The floods that took place in Florida and Texas have widespread ramifications on thousands of cars as flood damage have impacted vehicles in undetected ways.
Buyers Beware of Cars With Flood Damage
Be mindful of the situation you are in when considering purchasing a car from dealerships this year. There will be an influx of vehicles that have been damaged by flood waters entering into the marketplace, especially on the West Coast. There are thousands of cars that are estimated to have been impacted by the water damage. Many national insurance companies have already processed over a hundred thousand auto claims due to excessive water damage.
Many companies including AAA have been proactive about educating the general consumer on what to look out for when purchasing a car.
In theory, after such a devastating natural disaster, many flood damaged vehicles can be quickly embellished and then put on the market for up to a year after a major flood. These vehicles are often not identified as flood-damaged vehicles which can be an issue further down the line. Most states require dealers to disclose any and all known flood damage but many do a squeaky clean job to refurbish the vehicle and clean up the obvious outward evidence, thus causing a major problem.
Things to look out for are:
- Mud or residue under the dashboard
- Musty odors inside the doors, in the cabin, or trunk
- Mud behind or under hood components (alternator, starter motor, power-steering pump)
- Sensitive electronics may be harmed as well
- Effected air bags, anti-lock brakes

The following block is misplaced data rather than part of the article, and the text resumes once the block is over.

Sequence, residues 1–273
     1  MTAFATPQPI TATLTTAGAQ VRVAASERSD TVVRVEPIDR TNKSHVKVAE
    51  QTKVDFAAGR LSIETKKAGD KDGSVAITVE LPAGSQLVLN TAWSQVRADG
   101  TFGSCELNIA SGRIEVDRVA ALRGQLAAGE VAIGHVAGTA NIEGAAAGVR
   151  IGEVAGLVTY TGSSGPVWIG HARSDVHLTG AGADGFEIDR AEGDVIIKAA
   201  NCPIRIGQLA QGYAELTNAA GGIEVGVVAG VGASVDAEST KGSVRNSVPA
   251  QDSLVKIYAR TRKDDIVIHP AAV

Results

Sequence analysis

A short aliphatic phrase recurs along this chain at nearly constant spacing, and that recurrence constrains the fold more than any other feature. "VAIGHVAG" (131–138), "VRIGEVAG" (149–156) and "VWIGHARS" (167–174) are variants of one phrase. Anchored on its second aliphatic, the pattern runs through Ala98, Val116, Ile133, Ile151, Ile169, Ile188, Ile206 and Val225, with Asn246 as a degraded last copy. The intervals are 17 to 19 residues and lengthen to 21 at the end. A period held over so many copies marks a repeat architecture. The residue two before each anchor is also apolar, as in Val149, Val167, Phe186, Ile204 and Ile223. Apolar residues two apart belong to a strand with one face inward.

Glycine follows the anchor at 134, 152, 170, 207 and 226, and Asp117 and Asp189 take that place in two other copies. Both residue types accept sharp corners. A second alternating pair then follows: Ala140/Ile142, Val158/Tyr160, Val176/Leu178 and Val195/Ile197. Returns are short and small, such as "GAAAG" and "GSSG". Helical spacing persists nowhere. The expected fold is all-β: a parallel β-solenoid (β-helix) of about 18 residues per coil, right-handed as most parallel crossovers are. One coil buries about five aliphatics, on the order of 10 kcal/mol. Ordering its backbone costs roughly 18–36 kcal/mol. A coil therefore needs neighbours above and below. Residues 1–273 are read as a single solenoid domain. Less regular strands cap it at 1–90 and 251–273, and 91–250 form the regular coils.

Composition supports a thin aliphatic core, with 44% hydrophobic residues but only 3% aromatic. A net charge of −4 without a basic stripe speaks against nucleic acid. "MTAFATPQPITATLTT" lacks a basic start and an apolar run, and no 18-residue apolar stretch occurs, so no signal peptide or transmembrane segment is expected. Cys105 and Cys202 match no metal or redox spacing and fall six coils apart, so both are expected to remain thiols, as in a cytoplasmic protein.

Most of these damages are either covered up or will not show up for days.
Double Check with these Resources to Find If There is an Existing History of Flood Damage:
From very expensive repairs to a fast paced inventory shift, many car dealers, auto auction managers, even private dealerships are faced with the dilemma of turning over the inventory to meet the market demand or to hold tight to a integrity-driven business model and bypassing the flood affected vehicles.
Here’s a great list provided by consumer reports.
How to Spot a Flood-Damaged Car
Water damage can be hard to detect, but Consumer Reports recommends that you look for some of these:
- Inspect the carpets to see if they show signs of having been waterlogged, such as smelling musty or having caked-on mud. Likewise, brand-new carpets in an older vehicle may be another red flag.
- Check the seat-mounting screws to see if there is any evidence that they have been removed. To dry the carpets effectively, the seats must be removed and possibly even replaced.
- Inspect the lights. Headlights and taillights are expensive to replace, and a visible water line may still show on the lens or reflector.
- Inspect the difficult-to-clean places, such as gaps between panels in the trunk and under the hood. Waterborne mud and debris may still appear in these places.
- Look for mud or debris on the bottom edges of brackets or panels, where it wouldn’t settle normally.
- Search around the engine compartment. Water lines and debris can appear in hard-to-clean places, such as behind the engine.
- Look at the heads of any unpainted, exposed screws under the dashboard. Unpainted metal in flood cars will show signs of rust.
- Check to see if the rubber drain plugs under the car and on the bottom of doors look as if they have been removed recently. That may have been done to drain floodwater.